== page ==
I know I offered him a lot, but he just always shook his head "no." I don't blame him.
I'm not sure what took so long, but recently the card popped into my head. After a quick eBay search, I found one. I didn't have to got to all ends of the earth. I didn't have to make a financial sacrifice. It was less than $10 all in.

That's part of the fun of collecting as an adult. I've done it numerous times: picked up a card I never could have as a kid. In some instances, it's a big card, like an original Mantle. In others, it's just a good-looking insert card that I could never bring into my collection.

Wednesday, April 14, 2021

The Eastern League

I was always a fan of the Eastern League.

I probably never knew it's history well enough, and still don't. But I grew up in a city that had an Eastern League presence for many years, with the Binghamton Triplets a feeder team into the New York Yankees. That went away for a long time, until the return of the AA Binghamton Mets (now Rumble Ponies) for the past nearly 30 years.

With MiLB's new realignment, the Eastern League is no more. There is something called Double A-Northeast, with a few of the familiar teams. But there's no more Eastern League.

I saw many great players over the years, both on the home team and visiting teams. I enjoyed going to the game and watching the pros. I remember how different it looked when they threw the ball across the diamond, with the ball randomly rising and dipping in mid air. Regular people couldn't make a ball do that.

I was recently reminded about the Eastern League when Kin of Bean's Ballcard Blog DM'd me on Twitter and said he had a Tino for me that I didn't have. He was right! I indeed did not have this card of Tino on the Williamsport Bills, when he was in the Eastern League as a Mariners farmhand.
Tino was drafted in 1988 and played for Team USA in the '88 Olympic Games, so AA was actually the beginning of his pro career in 1989. That doesn't really happen now, even for advanced hitters.

He hit .257 with 13 homers in 137 games. The next year, he made his MLB debut, although shuffled between AAA in both 1990 and 1991 before sticking for good. But it's cool that he spent a full year in the Eastern League, a few years before a team even returned to Binghamton.

It's sad that the EL is no more, but hopefully we can find a way to have a somewhat normal minor league season, despite the changes and contractions. It's part of the fabric of many small cities and towns, and crucial for the development of prospects.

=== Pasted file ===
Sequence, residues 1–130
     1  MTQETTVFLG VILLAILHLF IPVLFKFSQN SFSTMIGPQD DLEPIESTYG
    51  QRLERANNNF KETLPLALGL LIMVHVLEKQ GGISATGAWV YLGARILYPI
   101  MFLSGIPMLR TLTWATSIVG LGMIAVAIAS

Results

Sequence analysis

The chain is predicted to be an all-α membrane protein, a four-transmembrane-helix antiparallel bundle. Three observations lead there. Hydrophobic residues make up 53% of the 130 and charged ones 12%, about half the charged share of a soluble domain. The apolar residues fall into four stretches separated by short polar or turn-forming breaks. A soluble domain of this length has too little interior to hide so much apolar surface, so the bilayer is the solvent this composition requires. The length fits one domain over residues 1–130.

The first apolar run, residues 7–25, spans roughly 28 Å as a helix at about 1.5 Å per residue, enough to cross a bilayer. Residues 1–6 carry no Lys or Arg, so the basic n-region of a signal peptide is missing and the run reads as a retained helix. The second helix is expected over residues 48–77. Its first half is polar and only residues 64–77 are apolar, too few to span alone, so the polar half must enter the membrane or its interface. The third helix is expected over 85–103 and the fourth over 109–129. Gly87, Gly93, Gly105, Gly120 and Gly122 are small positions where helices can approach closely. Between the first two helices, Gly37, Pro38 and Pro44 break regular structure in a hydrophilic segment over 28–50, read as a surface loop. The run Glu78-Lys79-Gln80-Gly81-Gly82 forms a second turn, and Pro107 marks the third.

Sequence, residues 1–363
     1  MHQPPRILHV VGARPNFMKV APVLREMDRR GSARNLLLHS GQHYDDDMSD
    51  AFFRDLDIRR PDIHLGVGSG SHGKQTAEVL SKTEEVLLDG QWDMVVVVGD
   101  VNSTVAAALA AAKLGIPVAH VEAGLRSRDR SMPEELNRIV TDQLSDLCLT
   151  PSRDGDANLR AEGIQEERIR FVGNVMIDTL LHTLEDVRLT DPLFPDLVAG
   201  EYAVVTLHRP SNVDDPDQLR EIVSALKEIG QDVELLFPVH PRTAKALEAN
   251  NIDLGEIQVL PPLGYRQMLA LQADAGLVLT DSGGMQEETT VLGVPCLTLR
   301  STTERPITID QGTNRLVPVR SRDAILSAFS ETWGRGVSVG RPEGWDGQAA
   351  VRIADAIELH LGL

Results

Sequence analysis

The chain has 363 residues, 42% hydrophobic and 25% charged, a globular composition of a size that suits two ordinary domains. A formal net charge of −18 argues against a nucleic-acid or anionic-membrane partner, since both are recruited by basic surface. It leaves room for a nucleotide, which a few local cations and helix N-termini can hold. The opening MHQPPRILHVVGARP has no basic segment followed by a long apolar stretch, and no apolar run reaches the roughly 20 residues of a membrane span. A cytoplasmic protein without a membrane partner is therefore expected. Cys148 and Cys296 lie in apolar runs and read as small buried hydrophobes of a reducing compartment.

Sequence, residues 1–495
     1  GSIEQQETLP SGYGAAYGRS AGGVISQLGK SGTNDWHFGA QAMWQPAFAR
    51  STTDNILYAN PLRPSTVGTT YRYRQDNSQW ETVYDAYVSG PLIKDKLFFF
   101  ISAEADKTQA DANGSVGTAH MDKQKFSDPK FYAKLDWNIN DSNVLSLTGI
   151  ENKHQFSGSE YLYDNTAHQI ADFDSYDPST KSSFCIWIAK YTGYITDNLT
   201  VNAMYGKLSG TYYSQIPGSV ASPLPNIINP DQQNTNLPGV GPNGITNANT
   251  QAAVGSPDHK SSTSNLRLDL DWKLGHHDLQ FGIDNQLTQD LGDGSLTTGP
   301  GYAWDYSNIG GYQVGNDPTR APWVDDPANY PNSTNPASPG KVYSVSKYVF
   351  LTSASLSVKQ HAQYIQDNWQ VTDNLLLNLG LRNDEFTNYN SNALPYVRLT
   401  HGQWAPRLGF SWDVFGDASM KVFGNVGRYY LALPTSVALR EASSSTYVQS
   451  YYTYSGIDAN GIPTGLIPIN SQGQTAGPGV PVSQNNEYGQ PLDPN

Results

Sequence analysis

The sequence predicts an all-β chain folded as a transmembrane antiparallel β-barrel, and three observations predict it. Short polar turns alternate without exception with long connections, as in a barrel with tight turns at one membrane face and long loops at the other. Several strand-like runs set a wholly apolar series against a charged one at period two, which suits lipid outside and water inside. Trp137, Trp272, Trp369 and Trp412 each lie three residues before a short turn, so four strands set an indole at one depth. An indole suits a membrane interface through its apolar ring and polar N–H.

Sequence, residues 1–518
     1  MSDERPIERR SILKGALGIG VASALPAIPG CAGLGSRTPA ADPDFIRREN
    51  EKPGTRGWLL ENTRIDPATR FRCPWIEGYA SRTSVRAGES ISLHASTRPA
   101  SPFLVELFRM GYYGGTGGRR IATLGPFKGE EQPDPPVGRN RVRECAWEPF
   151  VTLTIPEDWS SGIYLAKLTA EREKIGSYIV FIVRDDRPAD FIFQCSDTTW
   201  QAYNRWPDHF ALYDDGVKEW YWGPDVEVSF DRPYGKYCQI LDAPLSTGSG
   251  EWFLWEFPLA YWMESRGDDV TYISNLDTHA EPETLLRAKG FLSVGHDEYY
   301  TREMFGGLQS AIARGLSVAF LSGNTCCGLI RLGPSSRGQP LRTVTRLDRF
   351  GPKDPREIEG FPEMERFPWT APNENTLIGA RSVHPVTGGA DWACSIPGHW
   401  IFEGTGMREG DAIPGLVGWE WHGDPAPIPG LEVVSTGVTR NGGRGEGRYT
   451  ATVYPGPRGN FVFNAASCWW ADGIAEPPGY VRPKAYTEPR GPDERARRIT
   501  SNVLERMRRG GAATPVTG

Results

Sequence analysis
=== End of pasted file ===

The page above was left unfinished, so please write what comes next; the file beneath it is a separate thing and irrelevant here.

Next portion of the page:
Thanks, Kin, for thinking of me with this card.

Sunday, April 11, 2021

Trying to hold up my end of the bargain

Each Sunday, Johnny from Cards from the Quarry has been holding a PWE trade event. Usually he posts a card from each team, and all you have to do is claim it, and send him one back from his wantlist. Simple, right?

The problem I keep running into...he has every Rockies card known to man! I keep thinking I came across a good one - a numbered insert or a parallel from some random Bowman set no one bought. Then I check his wantlist...


I have a stack of Rockies I've come across over the last few weeks, and each time I think I got a good one, I come up empty. Which makes me feel bad because I've been claiming away each week. And while he makes it easy by also requesting cards from teams he is low on for trade bait, I feel like I'm having a hard time keeping up my end of the bargain. Plus, I don't want to just send him cards of other teams!

So I'm continuing to scour my unsorted boxes in hopes I can finally land a few Rox for him. I did just send him an older Stadium Club First Day Issue I think he needed. But I'm still behind by a couple cards due to a few cards I claimed over the last few weeks:
The first was a nice Gary Sanchez Bowman parallel. Gary has gotten off to a good start so far, thank goodness. I'm kind of tired of hearing about his struggles, so I hope for his sake he has a huge few months and everyone can focus on other things, like why can't the Yankees score runs, why can't they stay healthy, why do they suck at situational hitting, and why on earth did they trade for Rougned Odor. I'd rather focus in all of that over Gary.
Another guy who is off to a slowish start...but at least he's on the field? Sad that that's the positive, but it's how it goes. As long as he is on the field, he'll put up numbers when all is said and done. Speaking of numbers, I couldn't turn down a low-numbered Giancarlo numbered to 50 from one of those expensive Topps sets!
Lastly, this isn't a card I needed, really. But Garrett Mitchell seems to have a bright future, and even if he never sniffs the bigs (unlikely...he showed in the spring he's not far off), he dates Haley Cruse. So I admire him quite a lot for that.

Also, this dude graces the back of that same card:
Johnny, thanks for all the fun trade bait Sundays. I'll do my best to keep finding stuff for you to hold up my end of the deal. I'm trying, I promise..

Thursday, April 8, 2021

Balls rule!

One of the fun things I did a few months ago was pick up Derek Jeter diecut cards that I found to be visually appealing. While I have cooled on that, I still have an eBay saved search and enjoy taking a peek every now and then.

A few days ago, I won an auction for a very cool 1997 Fleer Ultra Baseball Rules card of Jeter. The card is diecut, cut along the lines of the baseballs. It makes for a very cool, yet oddly shaped card. That's just the type of '90s weirdness I love.
I actually wasn't that sure when I bought the card what the subject matter even was. Just that it looked cool. That's all I need, sometimes.